Sales tips, leadership communication skills insight and more from Steve Giglio, sales training professional for more than 25 years.

Essential Guide to Understanding Client Questions

You’ve prepared a presentation for weeks, doing all your homework, getting insight from your client, researching trends, etc. The day comes and you nail it! But then….they ask questions. And the wheels start coming off the bus. Been there? Most of us have.

As salespeople and communicators we must understand the essence and meaning of questions in business. Simply put…they are NOT picking on you. Questions from clients or prospects are requests for more information, not an attack on your ability or the ability of your company/product/service. Questions asked are not meant to debunk your idea; they are asked so that a better understanding can be gleaned.

Your reaction to client questions is as essential as what you say. Come off as defensive and they may think you have something to hide. Come off as too cocky and, well, no one really likes that. The key is understanding the nature of their questions so that you can answer appropriately, positively and with information that will allow them to make a decision on the next steps.

10 Fundamentals of Client Questions

To help, here are what I consider to be the 10 Fundamentals of Client Questions. Keep these in mind as you prepare for questions prior to your next meeting.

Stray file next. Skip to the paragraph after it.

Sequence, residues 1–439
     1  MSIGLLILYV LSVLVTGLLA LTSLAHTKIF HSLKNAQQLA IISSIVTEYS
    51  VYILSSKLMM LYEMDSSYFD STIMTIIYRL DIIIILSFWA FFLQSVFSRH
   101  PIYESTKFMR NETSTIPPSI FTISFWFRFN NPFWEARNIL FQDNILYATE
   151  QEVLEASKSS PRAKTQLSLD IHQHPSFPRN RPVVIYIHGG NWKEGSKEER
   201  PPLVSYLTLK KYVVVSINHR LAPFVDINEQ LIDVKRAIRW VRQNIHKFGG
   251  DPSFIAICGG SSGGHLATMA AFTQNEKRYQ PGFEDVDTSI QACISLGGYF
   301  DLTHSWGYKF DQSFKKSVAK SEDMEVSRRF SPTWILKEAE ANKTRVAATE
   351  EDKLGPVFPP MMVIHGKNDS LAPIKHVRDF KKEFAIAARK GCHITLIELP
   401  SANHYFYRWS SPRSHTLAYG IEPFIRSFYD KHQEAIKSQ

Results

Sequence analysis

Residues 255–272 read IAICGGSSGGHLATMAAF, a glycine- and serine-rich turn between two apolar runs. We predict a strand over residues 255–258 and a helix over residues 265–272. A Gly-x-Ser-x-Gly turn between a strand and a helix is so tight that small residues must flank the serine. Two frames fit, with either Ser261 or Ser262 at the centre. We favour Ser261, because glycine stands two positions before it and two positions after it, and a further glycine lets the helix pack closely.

1. Clients want information. Don’t take their questions personally.
  2. When asked questions, increase your empathy. Engage your client and reinforce that you understand their perspective as you give your answer.
  3. Anticipate client questions before the meeting and resolve them ahead of time. Have a colleague come up questions and see how you do answer them.
  4. Answer all questions…when appropriate. Be honest and forthright, of course. But, a client may try to jump the conversation ahead with a question, forcing you to move past key points that you need to make. Respectfully let them know you have a few points that will help to answer their question.
  5. When you resolve questions, you are teaching.
  6. Clarify general questions to pinpoint your response. It’s OK to answer a question with a question so that you get the heart of their concern/issue.